In Matthew’s Gospel, Jesus told Peter that “flesh and blood” had not revealed “this” to him, but “my Father in heaven.” The Father’s role in revealing “the Christ” comes out elsewhere in the Gospel. “No one can come to me unless the Father who sent me draws them, and I will raise them up at the last day” (John 6:44). The Father, who sends the Holy Spirit, reveals his Son to us as his Christ, his Anointed One. This makes a complete and total demand on our lives: that we love this “Son of the living God” with our whole mind and heart, with our whole being. By doing so, we become the Father’s children. The Father beckons us to come to him through his Son, whom he reveals to us in the Holy Spirit. “I am the way and the truth and the life. No one comes to the Father except through me” (John 14:6).
Jesus’ claim speaks for itself: it demands that we beg the Holy Spirit to help us remain in his love, that is, in what we traditionally call “a state of grace.” We must constantly seek holiness, that perfection of love and wisdom, and that purity of heart, by which we know God. “Now this is eternal life: that they know you, the only true God, and Jesus Christ, whom you have sent” (John 17:3). Knowing Jesus is not just an “intellectual project,” like knowing science, math or history. Rather, it requires a constant and personal conversion of life and “renewal of the mind.” “Do not be conformed to the spirit of this age, but be transformed by the renewal of your mind” (Romans 12:2). In order to know Christ – to truly know Him – we must embark on the adventure of the spiritual life, a journey of grace. How do we do this?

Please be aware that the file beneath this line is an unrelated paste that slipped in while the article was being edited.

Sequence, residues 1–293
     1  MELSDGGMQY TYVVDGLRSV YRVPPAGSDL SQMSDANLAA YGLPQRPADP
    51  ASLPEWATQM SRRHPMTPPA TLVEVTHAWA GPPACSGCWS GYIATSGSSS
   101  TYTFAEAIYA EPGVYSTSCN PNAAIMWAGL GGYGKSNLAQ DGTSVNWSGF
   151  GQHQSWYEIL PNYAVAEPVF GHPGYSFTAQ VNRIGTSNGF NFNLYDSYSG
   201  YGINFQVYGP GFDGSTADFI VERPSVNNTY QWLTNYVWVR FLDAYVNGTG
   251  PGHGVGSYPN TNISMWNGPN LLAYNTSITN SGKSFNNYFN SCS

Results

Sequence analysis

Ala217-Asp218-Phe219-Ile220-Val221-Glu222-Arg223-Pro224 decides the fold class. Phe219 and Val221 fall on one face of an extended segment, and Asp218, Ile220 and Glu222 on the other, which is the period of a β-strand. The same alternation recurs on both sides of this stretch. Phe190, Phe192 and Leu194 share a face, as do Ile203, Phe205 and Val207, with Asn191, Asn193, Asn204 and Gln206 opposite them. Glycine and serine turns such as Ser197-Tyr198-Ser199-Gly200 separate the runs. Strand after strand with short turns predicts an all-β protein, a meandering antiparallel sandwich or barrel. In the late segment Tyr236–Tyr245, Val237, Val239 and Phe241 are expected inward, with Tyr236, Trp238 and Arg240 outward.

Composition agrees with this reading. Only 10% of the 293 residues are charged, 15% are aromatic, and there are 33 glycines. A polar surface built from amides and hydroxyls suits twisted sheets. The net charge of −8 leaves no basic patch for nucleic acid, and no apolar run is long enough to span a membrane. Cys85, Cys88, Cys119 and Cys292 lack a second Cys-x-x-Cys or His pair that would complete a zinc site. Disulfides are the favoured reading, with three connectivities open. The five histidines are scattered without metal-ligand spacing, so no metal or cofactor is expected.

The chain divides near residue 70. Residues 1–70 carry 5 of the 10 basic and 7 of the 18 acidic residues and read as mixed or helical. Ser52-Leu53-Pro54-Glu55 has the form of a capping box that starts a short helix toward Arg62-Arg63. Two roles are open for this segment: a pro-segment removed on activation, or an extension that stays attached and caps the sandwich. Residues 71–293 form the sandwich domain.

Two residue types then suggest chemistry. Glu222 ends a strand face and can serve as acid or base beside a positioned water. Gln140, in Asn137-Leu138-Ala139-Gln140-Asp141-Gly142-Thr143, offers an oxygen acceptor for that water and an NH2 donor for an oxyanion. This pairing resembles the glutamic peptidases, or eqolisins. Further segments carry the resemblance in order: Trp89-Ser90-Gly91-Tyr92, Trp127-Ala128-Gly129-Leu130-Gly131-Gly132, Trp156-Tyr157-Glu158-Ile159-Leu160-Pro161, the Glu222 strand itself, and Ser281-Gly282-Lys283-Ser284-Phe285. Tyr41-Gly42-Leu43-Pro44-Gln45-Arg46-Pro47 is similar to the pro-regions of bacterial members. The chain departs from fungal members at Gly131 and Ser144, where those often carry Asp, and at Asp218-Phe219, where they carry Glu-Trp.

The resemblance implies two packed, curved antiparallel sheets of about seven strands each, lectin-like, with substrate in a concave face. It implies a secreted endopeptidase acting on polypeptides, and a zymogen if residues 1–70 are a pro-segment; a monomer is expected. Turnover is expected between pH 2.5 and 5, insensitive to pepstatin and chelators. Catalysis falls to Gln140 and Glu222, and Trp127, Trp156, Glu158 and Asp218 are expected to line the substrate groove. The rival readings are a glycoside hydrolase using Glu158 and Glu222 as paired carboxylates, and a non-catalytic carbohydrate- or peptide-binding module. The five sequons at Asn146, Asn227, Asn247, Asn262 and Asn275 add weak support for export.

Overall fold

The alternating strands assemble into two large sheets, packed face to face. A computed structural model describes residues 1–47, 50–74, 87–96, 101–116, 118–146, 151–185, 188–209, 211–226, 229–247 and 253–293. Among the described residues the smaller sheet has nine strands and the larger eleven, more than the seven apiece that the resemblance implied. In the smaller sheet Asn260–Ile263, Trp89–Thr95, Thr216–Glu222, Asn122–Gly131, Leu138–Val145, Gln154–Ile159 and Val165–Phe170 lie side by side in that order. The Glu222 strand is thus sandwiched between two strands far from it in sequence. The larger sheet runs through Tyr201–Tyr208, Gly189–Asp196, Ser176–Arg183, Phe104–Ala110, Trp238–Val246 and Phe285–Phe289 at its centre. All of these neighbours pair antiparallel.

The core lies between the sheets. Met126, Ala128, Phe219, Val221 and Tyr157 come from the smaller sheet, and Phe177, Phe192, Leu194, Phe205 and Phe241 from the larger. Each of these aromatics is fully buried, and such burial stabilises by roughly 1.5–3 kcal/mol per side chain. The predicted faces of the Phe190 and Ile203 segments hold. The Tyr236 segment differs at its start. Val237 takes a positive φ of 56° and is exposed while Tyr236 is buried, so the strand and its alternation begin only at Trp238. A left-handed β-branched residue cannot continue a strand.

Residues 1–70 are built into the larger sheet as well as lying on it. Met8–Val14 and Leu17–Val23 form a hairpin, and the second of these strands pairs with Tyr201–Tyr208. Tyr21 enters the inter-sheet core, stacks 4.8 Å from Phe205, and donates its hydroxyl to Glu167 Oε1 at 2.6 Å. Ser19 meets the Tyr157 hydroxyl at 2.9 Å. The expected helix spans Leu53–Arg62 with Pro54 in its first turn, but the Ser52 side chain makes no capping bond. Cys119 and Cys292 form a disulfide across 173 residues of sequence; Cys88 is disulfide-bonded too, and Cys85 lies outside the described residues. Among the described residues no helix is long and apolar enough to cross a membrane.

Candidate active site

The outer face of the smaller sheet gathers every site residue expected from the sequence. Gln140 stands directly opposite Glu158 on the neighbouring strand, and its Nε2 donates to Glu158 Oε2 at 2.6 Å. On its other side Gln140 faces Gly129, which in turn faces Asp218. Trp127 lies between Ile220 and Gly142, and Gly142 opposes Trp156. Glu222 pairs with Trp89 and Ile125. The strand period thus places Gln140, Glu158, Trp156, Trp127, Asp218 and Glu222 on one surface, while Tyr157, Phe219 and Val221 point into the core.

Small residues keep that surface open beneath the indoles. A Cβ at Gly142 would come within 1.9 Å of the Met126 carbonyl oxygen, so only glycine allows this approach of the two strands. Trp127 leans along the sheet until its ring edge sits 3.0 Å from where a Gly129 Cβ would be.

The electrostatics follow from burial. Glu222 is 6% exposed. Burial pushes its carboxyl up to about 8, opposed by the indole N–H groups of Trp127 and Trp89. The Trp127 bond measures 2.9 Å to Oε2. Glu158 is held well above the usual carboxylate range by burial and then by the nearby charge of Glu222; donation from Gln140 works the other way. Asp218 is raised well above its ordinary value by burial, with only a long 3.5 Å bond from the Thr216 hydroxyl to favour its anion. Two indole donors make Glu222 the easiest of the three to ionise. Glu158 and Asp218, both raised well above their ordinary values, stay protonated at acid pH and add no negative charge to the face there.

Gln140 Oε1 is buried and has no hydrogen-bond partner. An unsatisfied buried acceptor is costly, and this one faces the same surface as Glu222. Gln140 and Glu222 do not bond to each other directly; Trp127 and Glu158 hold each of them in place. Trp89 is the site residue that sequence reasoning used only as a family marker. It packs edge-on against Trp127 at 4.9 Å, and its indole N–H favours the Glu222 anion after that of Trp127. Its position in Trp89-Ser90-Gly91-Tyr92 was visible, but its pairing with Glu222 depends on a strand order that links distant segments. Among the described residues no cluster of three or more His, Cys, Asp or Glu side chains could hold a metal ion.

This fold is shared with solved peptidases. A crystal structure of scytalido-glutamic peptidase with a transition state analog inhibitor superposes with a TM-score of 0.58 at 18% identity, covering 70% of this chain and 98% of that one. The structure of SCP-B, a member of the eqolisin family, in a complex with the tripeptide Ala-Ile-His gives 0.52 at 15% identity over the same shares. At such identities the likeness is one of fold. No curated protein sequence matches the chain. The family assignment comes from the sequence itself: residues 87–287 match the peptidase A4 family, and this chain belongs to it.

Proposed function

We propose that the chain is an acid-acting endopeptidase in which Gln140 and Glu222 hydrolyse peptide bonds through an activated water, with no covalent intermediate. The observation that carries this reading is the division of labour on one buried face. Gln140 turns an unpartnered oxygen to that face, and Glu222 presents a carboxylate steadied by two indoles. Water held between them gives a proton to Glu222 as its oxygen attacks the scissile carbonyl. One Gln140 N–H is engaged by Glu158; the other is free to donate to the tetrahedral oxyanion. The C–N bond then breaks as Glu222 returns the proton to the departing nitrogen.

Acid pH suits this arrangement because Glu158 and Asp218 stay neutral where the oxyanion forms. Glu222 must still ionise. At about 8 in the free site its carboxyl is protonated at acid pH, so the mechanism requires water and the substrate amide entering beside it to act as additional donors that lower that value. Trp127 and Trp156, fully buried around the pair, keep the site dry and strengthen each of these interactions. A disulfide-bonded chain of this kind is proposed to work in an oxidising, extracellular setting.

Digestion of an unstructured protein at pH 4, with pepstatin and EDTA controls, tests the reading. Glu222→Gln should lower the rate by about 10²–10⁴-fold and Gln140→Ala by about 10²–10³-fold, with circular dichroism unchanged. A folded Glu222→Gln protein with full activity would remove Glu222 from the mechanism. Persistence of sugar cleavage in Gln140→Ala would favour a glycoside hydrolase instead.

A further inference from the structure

Step 1: We must completely turn away from sin. But this is not just a simple and one time decision. It’s an ongoing adventure until death. Sin may not necessarily be where we think it is. Moreover, we often tend to see other people’s sins more than our own. We take stock of others while ignoring that terrible pride or hardness of heart within ourselves that deals death daily. Meditating on the Seven Deadly Sins, from which all sins proceed, makes a good examination of conscience: Pride, Envy, Greed, Wrath, Gluttony, Lust and Sloth. What’s your little devil? If we are indulging in lying, cheating, slander, backbiting, cruelty, bitter words, revenge, grudges, infidelities, unchastity, sexual license, self-centeredness, arrogance and so on, we will not know Christ – no matter how pious we think we are. Also, we must not pick and choose our morals. We must be honest before God. Every moral teaching of our faith is necessary for Eternal Life.